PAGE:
I find that those raised with one custom regarding Kadish Yatom find all others to be in some way upsetting. I feel that way about not standing for the Kadish whether I'm mourning or not.

This is one of the other reasons I have seen given for the leader to say Kaddish along with the mourners -- as a representative of those who can't say kaddish themselves or for whom nobody can say it.
I've never heard that, but it makes plenty of sense.

elf's DH said...

The standard in American Reform is currently that the Amidah is done only once in a service and that only the first three bits are done standing.
Probably the closest you can come to turning this into a more traditional custom is to have everyone stand during the whole thing and say "Amen" to the blessings, which I think is what you proposed initially.

Another way is the "heche kedusha" - a shortened version of the silent Amidah/repetition - in which the reader leads the congregation through the kedusha. Then, the congregation starts their own silent Amidah (omitting the kedusha) while the leader continues his own Amidah silently. The procedure is slightly changed at Shacharit, where the congregation says the first two blessings together with the reader, and, following the kedusha, continues from the point they left off instead of starting on their own.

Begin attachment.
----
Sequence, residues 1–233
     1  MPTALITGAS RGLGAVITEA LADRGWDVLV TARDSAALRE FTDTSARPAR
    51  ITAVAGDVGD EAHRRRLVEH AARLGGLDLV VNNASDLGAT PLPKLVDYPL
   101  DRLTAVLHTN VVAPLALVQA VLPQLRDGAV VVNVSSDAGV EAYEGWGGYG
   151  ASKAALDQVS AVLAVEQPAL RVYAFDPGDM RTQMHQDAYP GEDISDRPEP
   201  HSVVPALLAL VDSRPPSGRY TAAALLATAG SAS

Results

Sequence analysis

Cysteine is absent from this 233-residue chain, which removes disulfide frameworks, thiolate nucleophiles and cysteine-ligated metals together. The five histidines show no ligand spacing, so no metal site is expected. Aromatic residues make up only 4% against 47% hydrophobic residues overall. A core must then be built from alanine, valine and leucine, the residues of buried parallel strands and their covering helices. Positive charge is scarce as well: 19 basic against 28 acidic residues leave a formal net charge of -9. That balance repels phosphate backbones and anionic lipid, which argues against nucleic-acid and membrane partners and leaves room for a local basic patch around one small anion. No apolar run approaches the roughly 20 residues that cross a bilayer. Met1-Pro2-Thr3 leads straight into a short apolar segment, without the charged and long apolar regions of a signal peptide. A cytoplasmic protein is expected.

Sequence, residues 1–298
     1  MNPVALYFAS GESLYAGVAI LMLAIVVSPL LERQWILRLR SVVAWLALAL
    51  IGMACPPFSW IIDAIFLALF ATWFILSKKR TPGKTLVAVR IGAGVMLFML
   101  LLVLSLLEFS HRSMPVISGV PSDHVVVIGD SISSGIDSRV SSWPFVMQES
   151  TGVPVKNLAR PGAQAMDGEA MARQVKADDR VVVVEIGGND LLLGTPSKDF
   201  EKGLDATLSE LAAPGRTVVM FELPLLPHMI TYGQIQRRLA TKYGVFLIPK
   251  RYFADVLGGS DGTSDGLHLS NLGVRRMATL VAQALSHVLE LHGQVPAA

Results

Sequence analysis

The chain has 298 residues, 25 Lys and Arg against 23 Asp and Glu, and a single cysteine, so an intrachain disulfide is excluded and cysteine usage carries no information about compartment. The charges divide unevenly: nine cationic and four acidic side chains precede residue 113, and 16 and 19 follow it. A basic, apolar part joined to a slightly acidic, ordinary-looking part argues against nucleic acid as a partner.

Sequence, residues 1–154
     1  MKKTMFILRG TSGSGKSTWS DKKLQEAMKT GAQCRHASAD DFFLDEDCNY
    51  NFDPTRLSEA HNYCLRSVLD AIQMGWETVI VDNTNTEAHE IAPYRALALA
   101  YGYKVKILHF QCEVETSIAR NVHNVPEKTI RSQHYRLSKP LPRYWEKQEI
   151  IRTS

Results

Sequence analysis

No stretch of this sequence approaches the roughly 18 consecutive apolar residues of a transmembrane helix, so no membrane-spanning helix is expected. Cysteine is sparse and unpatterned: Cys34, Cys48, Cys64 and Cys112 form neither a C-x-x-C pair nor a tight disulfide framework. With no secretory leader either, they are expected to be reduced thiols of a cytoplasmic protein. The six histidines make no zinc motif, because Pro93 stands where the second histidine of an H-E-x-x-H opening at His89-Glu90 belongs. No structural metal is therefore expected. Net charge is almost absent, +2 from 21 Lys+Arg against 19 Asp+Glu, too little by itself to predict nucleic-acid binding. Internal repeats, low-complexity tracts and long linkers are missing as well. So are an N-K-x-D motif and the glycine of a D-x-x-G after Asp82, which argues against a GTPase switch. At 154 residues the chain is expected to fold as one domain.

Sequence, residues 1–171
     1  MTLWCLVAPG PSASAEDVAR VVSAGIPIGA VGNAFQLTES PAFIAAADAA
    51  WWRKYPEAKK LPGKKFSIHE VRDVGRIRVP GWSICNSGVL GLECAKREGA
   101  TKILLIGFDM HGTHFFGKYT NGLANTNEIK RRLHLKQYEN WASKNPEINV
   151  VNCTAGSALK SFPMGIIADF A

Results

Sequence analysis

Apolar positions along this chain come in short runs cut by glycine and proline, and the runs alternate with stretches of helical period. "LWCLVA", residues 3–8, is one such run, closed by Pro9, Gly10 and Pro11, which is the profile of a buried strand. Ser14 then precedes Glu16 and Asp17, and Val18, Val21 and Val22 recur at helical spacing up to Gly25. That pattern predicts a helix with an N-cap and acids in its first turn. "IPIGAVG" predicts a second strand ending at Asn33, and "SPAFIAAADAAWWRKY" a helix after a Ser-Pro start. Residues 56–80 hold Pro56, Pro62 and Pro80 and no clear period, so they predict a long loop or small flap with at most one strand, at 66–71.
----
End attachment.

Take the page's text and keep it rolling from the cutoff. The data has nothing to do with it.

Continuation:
Curiosity question (as it's been a while since I've been to a Reform service) -- is this practice also followed at Ma'ariv when there is traditionally no repetition/kedusha?

I find that those raised with one custom regarding Kadish Yatom find all others to be in some way upsetting. I feel that way about not standing for the Kadish whether I'm mourning or not.
There are two different issues here. One is who *says* kaddish, and the other is what the rest of the congregation is doing while they're saying it. From what you described, it looked like the custom of your synagogue was that mourners do not actually say kaddish, but the rabbi does on their behalf. There's actually nothing wrong with that. My comment was more of an aesthetic judgment. The most common traditional custom is for the mourners (and only the mourners) to say kaddish while everyone else stands and responds "Amen" and "Yhei shmei rabba m'varach l'alam ul'almei almaya". For some reason, in most Conservative synagogues (and in very few Orthodox synagogues), the custom developed for the mourners to stand and say kaddish, while everyone else sits. My personal practice is to follow the congregational custom, and to stand during the kaddish if the congregation has no established custom.

HW said...